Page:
U.S. Mint Produces Over 1.27 Billion Coins for Circulation in April

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The U.S. Mint’s pace of striking coins slowed for the first time in four months in April but it was still quick.

CoinNews photo Dr. Sally Ride quarters
This CoinNews photo shows a stack of Dr. Sally Ride quarters. The U.S. Mint has produced 308.4 million Ride quarters.

The Mint produced over 1.27 billion coins last month — spread across cents, nickels, dimes and quarters, representing declines of 12% from March and 3.1% from April 2021. The 1 billion production level has been topped in 14 of the last 15 months.

Here’s how the month compares against others in the past year:

April 2021 to April 2022 Circulating Coin Production

Month Mintages Rank
April 2022 1,278.88 M 6
March 2022 1,452.58 M 3
February 2022 1,260.12 M 7
January 2022 1,249.84 M 8
December 2021 953.37 M 13
November 2021 1,104.7 M 12
October 2021 1,213.86 M 9
September 2021 1,169.28 M 11
August 2021 1,187.32 M 10
July 2021 1,505.24 M 1
June 2021 1,348.60 M 4
May 2021 1,473.06 M 2
April 2021 1,320.28 M 5

 

The U.S. Mint’s main mission is to manufacture coins based on the nation’s demand and transport them to Reserve Banks and their coin terminals for distribution into circulation.

The Federal Reserve orders more 1-cent coins from the U.S. Mint than any other denomination even as data shows that it costs 2.1 cents to make and distribute each one. The Mint struck 708.8 million Lincoln cents in April, representing 55.4% of the circulating-quality coins produced last month.

Month-Over-Month

In month-over month comparisons for coins used daily by Americans, production totals in April declined:

  • 9.2% for Lincoln cents,
  • 5.8% for Jefferson nickels,
  • 25.3% for Roosevelt dimes, and
  • 5.9% for quarters.

Native American $1 coins are no longer ordered by the Federal Reserve, but they are still made in circulating quality for coin collectors. The same is true, or was until last year, for Kennedy half-dollars. Traditionally in January, the U.S. Mint produces both denominations to the expected amounts needed for the entire year. That turned true in 2021 for Native American dollars, but not for halves which saw their mintage last year increase in February, March, April, May and August.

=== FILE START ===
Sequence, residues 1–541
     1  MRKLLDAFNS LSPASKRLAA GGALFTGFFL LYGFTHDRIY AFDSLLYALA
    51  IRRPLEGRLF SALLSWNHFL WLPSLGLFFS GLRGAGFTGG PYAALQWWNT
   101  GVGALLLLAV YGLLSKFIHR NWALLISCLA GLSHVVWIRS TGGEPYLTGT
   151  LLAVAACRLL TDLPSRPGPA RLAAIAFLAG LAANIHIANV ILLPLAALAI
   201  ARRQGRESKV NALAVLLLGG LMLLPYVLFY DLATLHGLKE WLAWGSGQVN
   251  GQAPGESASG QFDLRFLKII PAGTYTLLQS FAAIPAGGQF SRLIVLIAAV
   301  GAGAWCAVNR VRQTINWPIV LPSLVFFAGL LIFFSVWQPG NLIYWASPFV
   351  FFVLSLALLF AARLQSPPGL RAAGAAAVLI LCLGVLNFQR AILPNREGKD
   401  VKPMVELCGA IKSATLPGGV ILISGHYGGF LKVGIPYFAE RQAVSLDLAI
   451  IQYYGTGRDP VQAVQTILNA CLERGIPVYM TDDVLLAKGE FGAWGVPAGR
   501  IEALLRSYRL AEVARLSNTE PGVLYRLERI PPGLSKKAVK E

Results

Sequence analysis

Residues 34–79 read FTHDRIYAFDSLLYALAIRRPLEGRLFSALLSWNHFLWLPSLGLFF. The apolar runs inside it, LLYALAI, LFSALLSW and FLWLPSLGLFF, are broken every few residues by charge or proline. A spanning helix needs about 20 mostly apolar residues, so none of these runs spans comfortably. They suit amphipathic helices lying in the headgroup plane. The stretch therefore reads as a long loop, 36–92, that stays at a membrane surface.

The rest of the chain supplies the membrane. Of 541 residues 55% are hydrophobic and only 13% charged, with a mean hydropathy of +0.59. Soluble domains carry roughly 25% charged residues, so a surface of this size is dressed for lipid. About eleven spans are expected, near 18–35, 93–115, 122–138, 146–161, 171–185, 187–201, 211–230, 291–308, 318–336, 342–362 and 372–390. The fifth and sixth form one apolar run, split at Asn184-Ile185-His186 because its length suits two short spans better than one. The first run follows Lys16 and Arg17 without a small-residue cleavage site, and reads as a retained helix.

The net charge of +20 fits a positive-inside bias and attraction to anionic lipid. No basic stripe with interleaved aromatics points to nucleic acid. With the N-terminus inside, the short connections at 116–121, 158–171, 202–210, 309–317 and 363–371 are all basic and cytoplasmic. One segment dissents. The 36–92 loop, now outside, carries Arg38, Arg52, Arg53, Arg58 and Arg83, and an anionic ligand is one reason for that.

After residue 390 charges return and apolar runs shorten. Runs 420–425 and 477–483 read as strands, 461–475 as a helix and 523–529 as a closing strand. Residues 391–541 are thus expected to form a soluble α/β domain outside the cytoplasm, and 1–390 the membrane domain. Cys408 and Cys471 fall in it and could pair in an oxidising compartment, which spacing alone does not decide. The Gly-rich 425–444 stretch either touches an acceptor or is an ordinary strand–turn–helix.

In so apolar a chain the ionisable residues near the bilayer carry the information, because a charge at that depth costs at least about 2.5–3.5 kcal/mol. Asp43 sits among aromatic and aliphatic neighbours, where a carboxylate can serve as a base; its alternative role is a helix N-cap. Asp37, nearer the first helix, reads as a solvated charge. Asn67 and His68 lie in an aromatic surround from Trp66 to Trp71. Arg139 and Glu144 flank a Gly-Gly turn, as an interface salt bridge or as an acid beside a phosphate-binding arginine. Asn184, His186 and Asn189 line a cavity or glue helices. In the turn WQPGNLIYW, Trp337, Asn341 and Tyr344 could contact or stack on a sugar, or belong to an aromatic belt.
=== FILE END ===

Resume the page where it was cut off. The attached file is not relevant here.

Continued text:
Published mintages of 2022 Native American dollars were unchanged in April, with equal splits of 980,000 from Denver and 980,000 from Philadelphia for a combined 1.96 million coins. In contrast, the 2021 dollar logged splits of 1.26 million for Denver and 1.26 million for Philadelphia for 2.52 million coins.

Mintages for the 2022 Kennedy half-dollar also remained unchanged from January. They stand at 1.6 million from Denver and 1.6 million from Philadelphia for a total of 3.2 million. Last year’s half-dollar ended with a mix of 7.7 million from Denver and 5.4 million from Philadelphia for a combined 13.1 million.

The U.S. Mint started selling rolls, bags and boxes of 2022 Native American dollars on Feb. 9. It released rolls and bags of 2022 Kennedy halves on May 5.

Here’s a summary of all the circulating-quality coins produced last month:

U.S. Mint Circulating Coin Production in April 2022

Denver Philadelphia Total
Lincoln Cent 353,600,000 355,200,000 708,800,000
Jefferson Nickel 59,760,000 57,120,000 116,880,000
Roosevelt Dime 123,500,000 116,500,000 240,000,000
Quarters 111,400,000 101,800,000 213,200,000
Kennedy Half-Dollar 0 0 0
Native American $1 Coin 0 0 0
Total 648,260,000 630,620,000 1,278,880,000

 

Minting facilities in Philadelphia and Denver are tasked with making all U.S. coins for commerce. Last month, the Denver Mint struck 648.26 million coins and the Philadelphia Mint minted 630.62 million coins for the combined 1,278,880,000 coins.

Year-to-date, the Denver Mint made 2,731,860,000 coins and the Philadelphia Mint made 2,509,560,000 coins. They combine to 5,241,420,000 coins, which is 15.5% more than the 4,538,040,000 coins minted in the first four months of last year.

This next table lists coin production totals by denomination and by U.S. Mint facility:

YTD 2022 Circulating Coin Production by Denomination

1 ¢ 5 ¢ 10 ¢ 25 ¢ 50 ¢ N.A. $1 Total:
Denver 1519.6M 264.48M 528M 417.2M 1.6M .98M 2731.86M
Philadelphia 1411.6M 234.48M 469.5M 391.4M 1.6M .98M 2509.56M
Total 2931.2M 498.96M 997.5M 808.6M 3.2M 1.96M 5241.42M

 

If the current production pace stretched through to December, the annual mintage for 2022 would top 15.7 billion coins. The U.S. Mint manufactured nearly 14.5 billion coins for circulation in 2021.

2022 Quarter Mintages

Lastly, in addition to the 2022 Native American dollar with its one-year-only design, the U.S. Mint has released the first two issues from their four-year program of American Women quarter dollars. Each features a unique design. They include:

This last table offers a breakdown of this year’s mintages that have been reported by coin design, including the pair of quarters just mentioned:

2022 Circulating Coin Production by Design